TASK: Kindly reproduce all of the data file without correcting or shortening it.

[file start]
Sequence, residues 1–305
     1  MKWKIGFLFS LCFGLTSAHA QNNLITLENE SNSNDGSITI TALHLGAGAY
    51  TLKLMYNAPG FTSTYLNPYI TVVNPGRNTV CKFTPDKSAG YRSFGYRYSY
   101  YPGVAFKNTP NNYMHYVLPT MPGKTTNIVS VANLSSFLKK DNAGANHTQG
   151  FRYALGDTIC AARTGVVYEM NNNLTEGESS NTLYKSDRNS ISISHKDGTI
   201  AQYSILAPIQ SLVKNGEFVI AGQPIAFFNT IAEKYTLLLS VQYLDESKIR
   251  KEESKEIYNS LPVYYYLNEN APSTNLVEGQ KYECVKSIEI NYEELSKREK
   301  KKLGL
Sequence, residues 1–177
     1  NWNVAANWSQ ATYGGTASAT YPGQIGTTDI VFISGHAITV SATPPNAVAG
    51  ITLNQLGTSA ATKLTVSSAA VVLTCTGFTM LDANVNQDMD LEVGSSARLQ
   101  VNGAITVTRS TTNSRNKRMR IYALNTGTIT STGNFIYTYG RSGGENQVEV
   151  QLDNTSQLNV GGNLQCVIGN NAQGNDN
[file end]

Sequence, residues 1–305
     1  MKWKIGFLFS LCFGLTSAHA QNNLITLENE SNSNDGSITI TALHLGAGAY
    51  TLKLMYNAPG FTSTYLNPYI TVVNPGRNTV CKFTPDKSAG YRSFGYRYSY
   101  YPGVAFKNTP NNYMHYVLPT MPGKTTNIVS VANLSSFLKK DNAGANHTQG
   151  FRYALGDTIC AARTGVVYEM NNNLTEGESS NTLYKSDRNS ISISHKDGTI
   201  AQYSILAPIQ SLVKNGEFVI AGQPIAFFNT IAEKYTLLLS VQYLDESKIR
   251  KEESKEIYNS LPVYYYLNEN APSTNLVEGQ KYECVKSIEI NYEELSKREK
   301  KKLGL
Sequence, residues 1–177
     1  NWNVAANWSQ ATYGGTASAT YPGQIGTTDI VFISGHAITV SATPPNAVAG
    51  ITLNQLGTSA ATKLTVSSAA VVLTCTGFTM LDANVNQDMD LEVGSSARLQ
   101  VNGAITVTRS TTNSRNKRMR IYALNTGTIT STGNFIYTYG RSGGENQVEV
   151  QLDNTSQLNV GGNLQCVIGN NAQGNDN